Not sure if your checking account has an overdraft service? Now may be a good time to double-check to avoid surprise fees.
When the pandemic hit Regulators encouraged banks to be flexible in eliminating overdraft fees they charge when customers overuse their checking accounts. And many people could reach an emergency relief of rent and ancillary costs.
“A lot of bills didn’t come due,” said Nick Bourke, director of the consumer finance project at Pew Charitable Trusts.
But unemployment stays high as federal aid dwindles and it may be a while before many consumers see additional financial relief for pandemic-related economic turbulence. While many banks say they continue to operate on a case-by-case basis and clients face financial difficulties, institutions do not have to repay the fines indefinitely.
Since about a third of overdrafts see it as a way to borrow money when they run out of money, Bourke said they could incur more fees if they run out of money. So it is best to be prepared.
Here’s what you need to know:
A 10 year old Federal rule Banks must obtain the express permission of their customers before issuing a penalty for over-spending, most debit card purchases, or A.T.M. Withdrawals. (However, banks do not need your consent to charge you for any other means of overdrawing your account, such as cashing a check.)
The default setting is no overdraft. The bank will simply refuse any transaction that would overdraw your account. This can be embarrassing if you’re in a store but don’t owe a fee.
However, when you sign up for overdraft coverage, the bank allows the purchase – in fact, it lends you the money – and charges a fee, usually around $ 35. If you continue to spend money after your account balance drops below zero, the bank may charge an overdraft fee for every transaction, so the fees can add up quickly. Big banks According to the Center for Responsible Lending, a nonprofit advocacy group, overdraft revenues of more than $ 11 billion were generated in 2019.
However, customers often get their options wrong and banks add to the confusion. Last week the Federal Office for Consumer Financial Protection did one settlement with TD Bank about what the bureau said was “illegally” registering customers in its optional overdraft service.
The bureau found that the bank had not received customer approval before signing up for the overdraft service and sometimes printed out forms for them to sign with the “opt-in” box already checked. Employees also verbally gave customers “misleading or incomplete” information, such as the advice that the service was free, the office noted.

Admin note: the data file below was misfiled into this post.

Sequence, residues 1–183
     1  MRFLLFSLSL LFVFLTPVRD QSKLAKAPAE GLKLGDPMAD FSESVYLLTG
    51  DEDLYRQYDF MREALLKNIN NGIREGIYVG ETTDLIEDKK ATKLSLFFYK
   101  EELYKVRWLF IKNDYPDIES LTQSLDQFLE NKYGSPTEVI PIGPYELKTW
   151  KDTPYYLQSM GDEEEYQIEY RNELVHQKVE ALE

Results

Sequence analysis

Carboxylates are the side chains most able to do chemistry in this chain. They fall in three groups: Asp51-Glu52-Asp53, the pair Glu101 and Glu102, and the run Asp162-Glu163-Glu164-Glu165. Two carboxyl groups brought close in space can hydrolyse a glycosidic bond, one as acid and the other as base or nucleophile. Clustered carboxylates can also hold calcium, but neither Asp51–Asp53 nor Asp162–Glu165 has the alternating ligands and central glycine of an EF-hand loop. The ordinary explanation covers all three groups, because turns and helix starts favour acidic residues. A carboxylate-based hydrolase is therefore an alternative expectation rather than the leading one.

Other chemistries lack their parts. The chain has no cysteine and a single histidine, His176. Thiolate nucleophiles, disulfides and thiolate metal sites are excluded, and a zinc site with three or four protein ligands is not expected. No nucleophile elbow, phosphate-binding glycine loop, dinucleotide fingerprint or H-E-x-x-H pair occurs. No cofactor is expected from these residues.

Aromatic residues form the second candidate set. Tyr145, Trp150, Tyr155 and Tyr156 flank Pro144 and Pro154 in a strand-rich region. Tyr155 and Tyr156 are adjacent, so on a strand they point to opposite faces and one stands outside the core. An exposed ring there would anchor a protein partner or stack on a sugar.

As part of the settlement, the bank agreed to pay around $ 97 million to more than 1.4 million customers who signed up for the service from 2014 to 2018. She also agreed to pay a civil fine of $ 25 million. The bank, based in Cherry Hill, New Jersey, has around 1,250 branches in the eastern United States.
In one statementTD Bank said it had not admitted any wrongdoing. The bank said it did not agree with the bureau’s conclusions but had “fully cooperated” to resolve the matter and “remained focused on serving our clients’ needs”.
The bank continues to offer its optional overdraft service, Debit Card Advance. She is valued by customers and helps them avoid declined transactions due to insufficient funds.
The office had opened one review the opt-in rule more than a year earlier. Dozens of banks and industry groups advocated leaving the rule unchanged, while consumer advocates called for stronger protection. in the MarchThe office cited “an ongoing need” for the rule and said it would not change.
Here are some questions and answers about the overdraft service:
Are banks waiving overdraft fees because of the pandemic?
Some banks automatically waived overdraft fees while the economy was closing, in part to avoid a federal government Economic fund deducted from consumer accounts. (New York hired banks to temporarily waive penalties.) After states reopen, most banks will collect the fees and consider refunds on a case-by-case basis after customers contact the bank.
“It’s definitely worth asking the bank to waive the fee,” said Rebecca Borné, senior policy counsel at the Center for Responsible Lending.
Policies vary by bank and depend on the customer’s circumstances American Bankers Association said in a statement sent via email. “The best advice for anyone under financial stress is to reach out to your bank and let them know what’s happening,” he added.
How can I avoid overdraft fees?
Consumer advocates advise against choosing overdraft coverage to avoid surprise fees. “Make sure you’re not signed in,” said Lauren Saunders, assistant director of the National Consumer Law Center.
If you choose to use the service, you can lower fees by linking your checking account to a line of credit, savings account, or credit card. If you spend too much, money will be withdrawn from your secured account and you will be charged a fee, which is usually less than an overdraft fee. Ms. Saunders also suggested signing up for low balance notifications via SMS or email and using the bank’s mobile app so you can quickly check your balance on your phone.
Do banks offer accounts that do not allow overdrafts at all?
Citibank, Bank of America and chase All offer accounts that do not allow overdrafts (including checks as the accounts do not allow the holders to write them). Wells Fargo said it would introduce accounts with limited or no overdrafts in 2021. Several start-up financial firms are also offering no overdraft Accounts.